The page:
December 2011

Here’s a terrific sparkling wine from France that will make your palate and your pocketbook happy. It’s the Marcel Martin Tête de Cuvée Crémant de Loire Brut. The requirements for the Crémant de Loire appellation include originating in the regions of Anjou-Saumur or Touraine, lower grape yields than go into the Loire’s other sparkling wines and a higher percentage of free-run juice, as well as one-year’s aging, as opposed to nine months for other local sparklers. Grapes tend to be chenin blanc and cabernet franc, though chardonnay, sauvignon blanc and some indigenous grapes are allowed. “Tête de Cuvée” on a label implies that the product is top (or “head”) of the line, but the term is not regulated in France, so consumers must depend on the honesty of the producer. These wines are made in the champagne method of second fermentation in the bottle.

Marcel Martin Tête de Cuvée Crémant de Loire Brut presents a medium straw-gold color such as Rapunzel’s hair might be; a tremendous fountain of tiny bubbles erupts from the bottom of the glass and surges upward to the surface. This is all roasted lemon, steel and limestone, with hints of winsome acacia and almond, straw and bracing sea-salt. This sparkling wine truly is full-bodied and creamy, though cleanly cut with rapier-like acidity and scintillating limestone and flint minerality. The finish is long, fervent, steely and spicy. 12.5 percent alcohol. Very Good+ (with a couple more +s if I could; it’s that close to Excellent). I paid $23, but I have seen prices as low as $17 around the country.

Imported by The Stacole Co., Boca Raton, Fla.

It may be the Yuletide season, Readers, but I am not inclined to extend generosity to those who mangle the Mother-Tongue and allow way too much wiggle-room in the definition of words. The worst offenders, other than politicians, bureaucrats and sociologists, are advertising copywriters and public relations/marketing interns. Here’s the example that lit a fire under my ire:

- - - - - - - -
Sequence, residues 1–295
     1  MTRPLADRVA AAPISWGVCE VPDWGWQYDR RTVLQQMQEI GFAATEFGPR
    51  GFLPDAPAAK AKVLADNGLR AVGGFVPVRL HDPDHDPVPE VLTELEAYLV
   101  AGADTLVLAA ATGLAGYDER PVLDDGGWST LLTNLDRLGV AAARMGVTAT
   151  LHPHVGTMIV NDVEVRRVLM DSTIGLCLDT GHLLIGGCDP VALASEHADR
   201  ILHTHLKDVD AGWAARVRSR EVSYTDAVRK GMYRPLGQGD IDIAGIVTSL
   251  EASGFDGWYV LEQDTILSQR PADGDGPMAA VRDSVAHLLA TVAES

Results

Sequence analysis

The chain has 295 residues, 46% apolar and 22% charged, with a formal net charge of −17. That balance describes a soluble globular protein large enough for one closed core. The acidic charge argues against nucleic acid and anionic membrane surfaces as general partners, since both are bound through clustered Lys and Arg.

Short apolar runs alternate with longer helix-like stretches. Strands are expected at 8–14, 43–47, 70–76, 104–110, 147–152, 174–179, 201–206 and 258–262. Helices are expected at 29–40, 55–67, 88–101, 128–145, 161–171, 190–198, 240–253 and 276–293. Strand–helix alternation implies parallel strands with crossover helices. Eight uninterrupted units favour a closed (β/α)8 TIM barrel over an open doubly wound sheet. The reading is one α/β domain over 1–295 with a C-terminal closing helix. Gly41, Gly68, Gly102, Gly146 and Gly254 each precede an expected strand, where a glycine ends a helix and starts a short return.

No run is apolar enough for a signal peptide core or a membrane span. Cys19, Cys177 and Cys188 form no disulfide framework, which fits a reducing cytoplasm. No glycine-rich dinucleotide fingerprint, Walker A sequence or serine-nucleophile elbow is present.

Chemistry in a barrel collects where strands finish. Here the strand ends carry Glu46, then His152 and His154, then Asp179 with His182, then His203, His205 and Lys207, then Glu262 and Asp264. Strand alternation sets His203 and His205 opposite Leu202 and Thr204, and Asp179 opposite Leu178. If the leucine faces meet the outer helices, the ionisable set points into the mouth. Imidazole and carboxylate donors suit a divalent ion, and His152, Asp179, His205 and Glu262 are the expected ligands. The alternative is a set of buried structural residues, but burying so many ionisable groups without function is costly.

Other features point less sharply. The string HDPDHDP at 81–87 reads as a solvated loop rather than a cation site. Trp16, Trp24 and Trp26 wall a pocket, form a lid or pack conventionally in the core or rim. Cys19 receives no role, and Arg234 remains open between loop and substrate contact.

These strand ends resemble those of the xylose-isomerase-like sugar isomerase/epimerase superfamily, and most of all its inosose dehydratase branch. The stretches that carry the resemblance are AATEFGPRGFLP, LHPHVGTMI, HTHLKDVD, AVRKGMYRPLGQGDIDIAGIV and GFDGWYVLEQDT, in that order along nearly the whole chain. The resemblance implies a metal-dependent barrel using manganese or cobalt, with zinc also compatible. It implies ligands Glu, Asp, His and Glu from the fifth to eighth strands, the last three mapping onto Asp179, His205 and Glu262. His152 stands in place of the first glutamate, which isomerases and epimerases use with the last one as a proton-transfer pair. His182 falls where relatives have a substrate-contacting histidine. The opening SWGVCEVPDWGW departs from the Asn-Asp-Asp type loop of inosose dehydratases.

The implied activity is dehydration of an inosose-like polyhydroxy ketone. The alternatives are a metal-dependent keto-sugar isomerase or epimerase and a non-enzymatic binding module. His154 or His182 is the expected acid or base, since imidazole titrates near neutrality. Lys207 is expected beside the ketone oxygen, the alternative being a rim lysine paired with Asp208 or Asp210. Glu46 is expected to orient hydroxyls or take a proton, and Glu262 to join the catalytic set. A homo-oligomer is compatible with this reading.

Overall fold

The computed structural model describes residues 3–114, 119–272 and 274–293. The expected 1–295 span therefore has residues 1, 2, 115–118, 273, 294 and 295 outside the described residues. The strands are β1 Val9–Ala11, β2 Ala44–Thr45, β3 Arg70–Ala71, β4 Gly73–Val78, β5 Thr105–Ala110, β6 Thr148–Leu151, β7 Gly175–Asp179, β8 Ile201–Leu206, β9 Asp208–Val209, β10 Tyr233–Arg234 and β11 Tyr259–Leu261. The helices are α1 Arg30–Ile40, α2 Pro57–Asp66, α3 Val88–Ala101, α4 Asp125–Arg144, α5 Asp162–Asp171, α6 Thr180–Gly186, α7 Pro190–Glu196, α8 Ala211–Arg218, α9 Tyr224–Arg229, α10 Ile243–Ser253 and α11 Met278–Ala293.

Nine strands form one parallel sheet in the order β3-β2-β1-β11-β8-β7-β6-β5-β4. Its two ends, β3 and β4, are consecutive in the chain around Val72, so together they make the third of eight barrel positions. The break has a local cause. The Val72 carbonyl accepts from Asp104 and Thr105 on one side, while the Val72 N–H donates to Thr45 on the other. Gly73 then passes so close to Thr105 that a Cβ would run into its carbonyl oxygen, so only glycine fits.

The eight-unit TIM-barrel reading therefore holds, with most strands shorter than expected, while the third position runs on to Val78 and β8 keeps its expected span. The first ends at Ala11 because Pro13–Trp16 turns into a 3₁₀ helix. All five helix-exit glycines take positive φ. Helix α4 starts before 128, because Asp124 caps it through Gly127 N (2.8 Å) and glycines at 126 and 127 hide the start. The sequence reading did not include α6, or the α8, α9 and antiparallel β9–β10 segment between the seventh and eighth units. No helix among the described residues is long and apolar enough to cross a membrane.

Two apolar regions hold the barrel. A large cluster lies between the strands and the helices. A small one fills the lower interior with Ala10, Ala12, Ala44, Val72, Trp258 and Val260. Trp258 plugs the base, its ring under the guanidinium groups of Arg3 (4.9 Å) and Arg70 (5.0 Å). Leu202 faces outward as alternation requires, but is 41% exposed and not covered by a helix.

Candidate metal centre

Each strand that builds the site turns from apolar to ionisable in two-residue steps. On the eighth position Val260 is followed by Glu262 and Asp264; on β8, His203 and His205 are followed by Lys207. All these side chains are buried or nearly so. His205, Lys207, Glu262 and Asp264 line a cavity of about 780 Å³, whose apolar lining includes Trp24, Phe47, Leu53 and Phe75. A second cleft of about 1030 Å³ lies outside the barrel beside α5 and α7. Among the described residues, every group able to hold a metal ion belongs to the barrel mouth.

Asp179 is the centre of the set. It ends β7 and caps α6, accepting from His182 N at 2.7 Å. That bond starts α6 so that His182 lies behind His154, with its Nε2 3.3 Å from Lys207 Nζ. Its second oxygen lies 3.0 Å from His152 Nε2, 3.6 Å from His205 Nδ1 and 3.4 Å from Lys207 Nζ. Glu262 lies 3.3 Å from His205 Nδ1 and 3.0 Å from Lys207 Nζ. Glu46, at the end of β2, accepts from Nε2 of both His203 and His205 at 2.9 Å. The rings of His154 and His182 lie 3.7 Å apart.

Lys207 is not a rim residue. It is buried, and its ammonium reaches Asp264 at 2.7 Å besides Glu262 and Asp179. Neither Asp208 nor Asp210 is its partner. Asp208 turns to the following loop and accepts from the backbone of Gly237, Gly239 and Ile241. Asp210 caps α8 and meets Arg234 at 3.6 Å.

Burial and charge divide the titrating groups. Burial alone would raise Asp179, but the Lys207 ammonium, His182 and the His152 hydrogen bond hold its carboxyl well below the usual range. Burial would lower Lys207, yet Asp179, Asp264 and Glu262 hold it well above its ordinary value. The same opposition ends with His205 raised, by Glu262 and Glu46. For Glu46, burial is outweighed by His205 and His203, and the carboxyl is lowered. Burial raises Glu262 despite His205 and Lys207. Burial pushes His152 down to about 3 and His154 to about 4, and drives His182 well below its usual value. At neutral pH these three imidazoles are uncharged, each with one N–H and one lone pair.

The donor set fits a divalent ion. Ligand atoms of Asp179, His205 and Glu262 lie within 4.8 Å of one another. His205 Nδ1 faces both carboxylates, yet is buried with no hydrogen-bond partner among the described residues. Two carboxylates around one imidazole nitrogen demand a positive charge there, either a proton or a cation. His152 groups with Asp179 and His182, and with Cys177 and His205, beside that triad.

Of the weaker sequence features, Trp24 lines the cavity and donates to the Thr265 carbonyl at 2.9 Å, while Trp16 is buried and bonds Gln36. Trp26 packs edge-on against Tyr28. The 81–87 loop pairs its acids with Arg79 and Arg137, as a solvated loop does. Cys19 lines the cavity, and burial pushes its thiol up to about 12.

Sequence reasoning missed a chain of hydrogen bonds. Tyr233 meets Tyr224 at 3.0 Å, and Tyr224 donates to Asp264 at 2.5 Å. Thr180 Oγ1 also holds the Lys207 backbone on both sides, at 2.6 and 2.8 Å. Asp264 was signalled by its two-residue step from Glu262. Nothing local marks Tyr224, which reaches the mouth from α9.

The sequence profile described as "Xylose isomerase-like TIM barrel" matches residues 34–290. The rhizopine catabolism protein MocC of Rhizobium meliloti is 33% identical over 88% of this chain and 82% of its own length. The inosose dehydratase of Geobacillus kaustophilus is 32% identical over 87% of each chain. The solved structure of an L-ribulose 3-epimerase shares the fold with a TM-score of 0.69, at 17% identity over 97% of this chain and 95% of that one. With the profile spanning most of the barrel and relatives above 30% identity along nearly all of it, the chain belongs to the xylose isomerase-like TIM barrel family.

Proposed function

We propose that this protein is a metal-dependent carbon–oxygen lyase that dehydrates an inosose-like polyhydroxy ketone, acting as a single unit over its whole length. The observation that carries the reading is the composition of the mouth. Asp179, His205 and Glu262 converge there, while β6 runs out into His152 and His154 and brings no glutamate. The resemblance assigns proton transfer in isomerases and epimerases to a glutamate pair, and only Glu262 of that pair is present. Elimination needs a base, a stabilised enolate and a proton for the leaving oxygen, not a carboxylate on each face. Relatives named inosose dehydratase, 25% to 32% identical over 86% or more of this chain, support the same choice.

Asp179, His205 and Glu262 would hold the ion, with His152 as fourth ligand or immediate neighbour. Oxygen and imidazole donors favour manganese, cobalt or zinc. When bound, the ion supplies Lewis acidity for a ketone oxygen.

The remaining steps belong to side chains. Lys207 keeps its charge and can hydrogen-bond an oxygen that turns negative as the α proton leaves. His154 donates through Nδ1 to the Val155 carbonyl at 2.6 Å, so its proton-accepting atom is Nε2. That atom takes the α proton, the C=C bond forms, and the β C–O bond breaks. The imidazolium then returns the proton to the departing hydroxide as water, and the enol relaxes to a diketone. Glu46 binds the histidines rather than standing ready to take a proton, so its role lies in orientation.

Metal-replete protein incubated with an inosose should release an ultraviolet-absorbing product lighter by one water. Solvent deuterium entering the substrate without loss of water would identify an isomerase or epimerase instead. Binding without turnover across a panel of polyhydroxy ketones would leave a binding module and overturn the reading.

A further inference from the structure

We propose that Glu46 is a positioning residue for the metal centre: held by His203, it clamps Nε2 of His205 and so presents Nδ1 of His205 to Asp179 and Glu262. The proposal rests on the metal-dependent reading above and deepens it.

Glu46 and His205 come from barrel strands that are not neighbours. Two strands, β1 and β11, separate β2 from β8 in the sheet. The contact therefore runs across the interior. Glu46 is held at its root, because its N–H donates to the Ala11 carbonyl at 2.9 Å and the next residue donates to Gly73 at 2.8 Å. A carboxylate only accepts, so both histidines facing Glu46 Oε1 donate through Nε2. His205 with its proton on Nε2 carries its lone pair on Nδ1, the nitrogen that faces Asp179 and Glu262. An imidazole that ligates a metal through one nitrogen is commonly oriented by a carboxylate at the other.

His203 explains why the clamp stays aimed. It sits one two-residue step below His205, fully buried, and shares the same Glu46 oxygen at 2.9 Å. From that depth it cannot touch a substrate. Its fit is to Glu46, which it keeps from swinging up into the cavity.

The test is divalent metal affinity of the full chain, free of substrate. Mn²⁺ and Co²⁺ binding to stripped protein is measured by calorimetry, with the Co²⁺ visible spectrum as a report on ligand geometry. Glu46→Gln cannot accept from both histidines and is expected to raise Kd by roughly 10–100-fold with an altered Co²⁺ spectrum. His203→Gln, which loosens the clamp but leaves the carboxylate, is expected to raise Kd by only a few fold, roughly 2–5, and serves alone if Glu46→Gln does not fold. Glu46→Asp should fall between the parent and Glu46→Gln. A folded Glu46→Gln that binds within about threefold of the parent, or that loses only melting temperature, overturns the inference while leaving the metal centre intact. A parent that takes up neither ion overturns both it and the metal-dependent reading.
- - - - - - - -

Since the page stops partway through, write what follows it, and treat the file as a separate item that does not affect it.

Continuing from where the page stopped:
The back label of the JCB No 81 Chardonnay 2009, Sonoma Coast, tells us that the wine is “Alluring. Ephemeral. Insatiable.” “JCB” stands for Jean-Charles Boisset, president of Boisset Wine Estates, owner of, among other properties and brands, Buena Vista Winery, DeLoach Vineyard, Lockwood Vineyard, Lyeth Estate, Fog Mountain and Raymond Vineyards in California and Bouchard Aîné & Fils, Domaine de la Vougeraie, J. Moreau & Fils and French Rabbit in France. The JCB line represents the company’s extension into producing fairly limited edition wines from vineyards primarily in Sonoma County. (Image from

Let’s look at these adjectives.

Alluring. I occasionally use “alluring” in reviews to mean that a wine draws the taster in seductively and irresistibly, with a sense of style and glamor; it’s a rather abstract and subjective concept, but one that I think can be employed legitimately and that readers readily grasp. So, O.K. on that.

Ephemeral. I think that the word is incorrect for the wine. According to The Random House Dictionary of the English Language, Second Edition, Unabridged (1987), ephemeral means “lasting a very short time; short-lived; transitory.” One might apply the word, especially in the realm of “transitory,” to certain wines, say the driest and more delicate rosés or fresh and quaffable white wines such as Vinho Verde or South African chenin blancs. Applied, however, to a Sonoma Coast chardonnay that’s rich and full-bodied and solidly oaked (though nothing out of the ordinary), “ephemeral” would be a negative term; the context is completely wrong.

Insatiable. Here’s a vivid model of incorrect word choice. The RHDEL2 tells us that “insatiable” means “incapable of being satisfied or appeased.” A glutton may be insatiable in his hunger; a sadist may be insatiable in his blood-lust; a dictator may be insatiable in his quest for power. The application of the word to a bottle of wine is nonsensical or, if you prefer, ignorant.

In fact, the marketing device for the JCB wines rests on the three-word trope. For the JCB No 1, a cabernet sauvignon, the figure is “Voluptuous. Opulent. Incorrigible.” For No 22, a pinot noir, the scheme is “Intimate. Tumultuous. Intense.” And, bizarrely, No 8, a pinot noir dry rosé, receives the flamboyant encomium of “Rebellious. Capricious. Seductive.”